FIGS. 4A to 4C are schematic side views of a wind turbine and wind blade deflections according to three deflection levels;

FIGS. 5A to 5C are schematic front views of the wind turbine and the detection area in accordance with an embodiment and interaction of a turbine blade with the detection area while crossing it;

FIGS. 6A to 6C are schematic side views of the wind turbine in accordance with an embodiment in distinct conditions of inclination of the nacelle of the wind turbine;

FIG. 7 is a flow chart provided steps performed according to an embodiment of the system and

FIG. 8 is a flow chart depicting steps of a method of monitoring clearance between the turbine blades and the tower of a wind turbine in accordance with an embodiment.

It will be noted that throughout the appended drawings, like features are identified by like reference numerals.

DETAILED DESCRIPTION

Reference now will be made in detail to embodiments of the present subject matter, one or more examples of which are illustrated in the drawings. Each example is provided by way of explanation, without limiting the scope of the present subject matter. In fact, it will be apparent to those skilled in the art that various modifications and variations can be made in the present subject matter without departing from its scope or spirit. For instance, features illustrated or described as part of one embodiment can be used with another embodiment to yield a still further embodiment. Thus, it is intended that the present subject matter covers such modifications and variations as come within the scope of the appended claims and their equivalents.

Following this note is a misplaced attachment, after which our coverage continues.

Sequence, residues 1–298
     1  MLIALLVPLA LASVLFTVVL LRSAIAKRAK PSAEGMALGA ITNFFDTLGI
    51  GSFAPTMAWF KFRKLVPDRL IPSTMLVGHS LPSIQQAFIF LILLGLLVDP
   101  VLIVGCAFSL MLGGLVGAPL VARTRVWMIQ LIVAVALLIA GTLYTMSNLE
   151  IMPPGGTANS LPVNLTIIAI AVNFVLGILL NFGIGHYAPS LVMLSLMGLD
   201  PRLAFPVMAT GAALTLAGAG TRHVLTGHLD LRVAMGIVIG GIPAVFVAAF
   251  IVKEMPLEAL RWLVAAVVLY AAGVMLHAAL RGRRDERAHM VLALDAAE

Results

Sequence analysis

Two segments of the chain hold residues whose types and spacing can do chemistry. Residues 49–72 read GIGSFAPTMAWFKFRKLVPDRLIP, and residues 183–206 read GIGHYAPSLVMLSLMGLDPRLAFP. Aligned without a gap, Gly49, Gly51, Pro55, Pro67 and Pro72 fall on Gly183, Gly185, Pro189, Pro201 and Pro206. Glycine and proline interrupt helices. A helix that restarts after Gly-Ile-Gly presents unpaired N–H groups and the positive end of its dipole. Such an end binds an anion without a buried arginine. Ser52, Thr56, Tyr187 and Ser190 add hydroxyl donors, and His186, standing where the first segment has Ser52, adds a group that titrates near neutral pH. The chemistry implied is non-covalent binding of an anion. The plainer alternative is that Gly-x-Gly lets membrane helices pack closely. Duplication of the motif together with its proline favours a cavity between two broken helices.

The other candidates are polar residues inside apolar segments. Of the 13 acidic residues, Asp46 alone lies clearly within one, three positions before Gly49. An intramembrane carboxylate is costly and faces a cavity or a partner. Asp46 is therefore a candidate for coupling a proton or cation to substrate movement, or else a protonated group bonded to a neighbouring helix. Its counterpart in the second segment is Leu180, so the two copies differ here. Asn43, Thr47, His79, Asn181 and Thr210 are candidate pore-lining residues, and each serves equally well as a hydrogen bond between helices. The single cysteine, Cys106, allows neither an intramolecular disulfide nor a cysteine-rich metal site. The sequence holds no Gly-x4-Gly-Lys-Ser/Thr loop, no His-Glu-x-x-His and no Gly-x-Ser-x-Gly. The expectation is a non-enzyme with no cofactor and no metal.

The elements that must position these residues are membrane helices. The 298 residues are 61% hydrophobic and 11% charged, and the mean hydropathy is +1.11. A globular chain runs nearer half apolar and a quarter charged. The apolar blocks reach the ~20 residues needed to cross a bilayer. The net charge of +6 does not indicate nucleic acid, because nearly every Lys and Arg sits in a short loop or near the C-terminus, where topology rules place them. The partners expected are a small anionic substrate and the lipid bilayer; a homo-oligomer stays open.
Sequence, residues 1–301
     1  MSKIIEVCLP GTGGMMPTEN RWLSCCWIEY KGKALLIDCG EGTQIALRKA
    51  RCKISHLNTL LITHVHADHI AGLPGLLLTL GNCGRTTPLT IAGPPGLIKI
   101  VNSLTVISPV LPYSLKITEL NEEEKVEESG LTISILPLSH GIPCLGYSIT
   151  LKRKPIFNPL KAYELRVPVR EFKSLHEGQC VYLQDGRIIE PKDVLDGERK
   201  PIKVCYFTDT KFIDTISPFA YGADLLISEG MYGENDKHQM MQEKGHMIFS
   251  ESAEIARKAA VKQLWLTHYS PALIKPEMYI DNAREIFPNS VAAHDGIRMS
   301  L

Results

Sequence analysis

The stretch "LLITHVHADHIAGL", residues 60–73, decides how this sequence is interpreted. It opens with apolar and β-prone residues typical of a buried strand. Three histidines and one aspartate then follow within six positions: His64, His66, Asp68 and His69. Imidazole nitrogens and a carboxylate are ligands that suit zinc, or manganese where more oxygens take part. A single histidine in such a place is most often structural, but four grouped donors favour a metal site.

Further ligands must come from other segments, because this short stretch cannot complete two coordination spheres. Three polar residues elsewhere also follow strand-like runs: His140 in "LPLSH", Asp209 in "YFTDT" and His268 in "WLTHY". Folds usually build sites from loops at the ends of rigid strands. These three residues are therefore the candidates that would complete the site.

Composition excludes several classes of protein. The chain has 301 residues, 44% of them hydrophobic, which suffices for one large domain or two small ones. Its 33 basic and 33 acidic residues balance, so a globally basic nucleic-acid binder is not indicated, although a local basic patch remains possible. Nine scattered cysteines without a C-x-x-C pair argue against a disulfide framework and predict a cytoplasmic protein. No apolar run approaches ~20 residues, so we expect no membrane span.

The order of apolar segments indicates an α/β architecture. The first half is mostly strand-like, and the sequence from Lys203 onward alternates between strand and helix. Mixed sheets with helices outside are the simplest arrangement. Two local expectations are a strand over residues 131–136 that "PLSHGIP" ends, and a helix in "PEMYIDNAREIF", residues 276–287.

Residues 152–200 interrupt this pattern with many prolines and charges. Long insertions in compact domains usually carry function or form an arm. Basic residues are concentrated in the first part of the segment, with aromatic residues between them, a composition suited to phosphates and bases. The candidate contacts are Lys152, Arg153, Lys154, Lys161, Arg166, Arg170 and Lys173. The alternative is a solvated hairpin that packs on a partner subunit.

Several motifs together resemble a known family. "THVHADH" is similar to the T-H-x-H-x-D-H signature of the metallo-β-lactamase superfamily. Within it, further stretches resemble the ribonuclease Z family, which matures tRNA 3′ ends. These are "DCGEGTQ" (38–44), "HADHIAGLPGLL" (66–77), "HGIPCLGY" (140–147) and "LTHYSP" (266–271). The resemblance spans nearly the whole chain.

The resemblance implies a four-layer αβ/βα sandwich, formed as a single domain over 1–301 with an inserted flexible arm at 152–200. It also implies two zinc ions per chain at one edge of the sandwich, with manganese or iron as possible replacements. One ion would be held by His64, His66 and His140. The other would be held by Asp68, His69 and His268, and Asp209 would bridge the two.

FIG. 1 illustrates a perspective view of a wind turbine 10. As shown, the wind turbine 10 is a horizontal-axis wind turbine. The wind turbine 10 comprises a tower 12 (or a post) that extends from a base 14, a nacelle 16 mounted on the tower 12, and a rotor 18 that is coupled to the nacelle 16. The rotor 18 comprises a rotatable hub 20 and usually at least three turbine blades 22 coupled to and extending outward from the hub 20. As shown, the rotor 18 comprises three turbine blades 22. However, in an alternative embodiment, the rotor 18 may comprise more (or less) than three turbine blades 22. Additionally, in the illustrated embodiment, the tower 12 is fabricated from tubular steel to define a longitudinal cavity (not illustrated) between the base 14 and the nacelle 16. In an alternative embodiment, the tower 12 may be any suitable type of tower having any suitable height.

The turbine blades 22 may generally have any suitable length extending from their mounting part the hub 20 to the blade tip 35 that enables the wind turbine 10 to operate as described herein. For example, in one embodiment, the turbine blades 22 may have a length ranging from about 15 meters to about 88 meters. However, other non-limiting examples of blade lengths may comprise 10 meters or less, 20 meters, 37 meters or a length that is greater than 88 meters. For teaching purposes, the example of wind turbine 10 herein described will be of turbine blades 22 of 37 meters.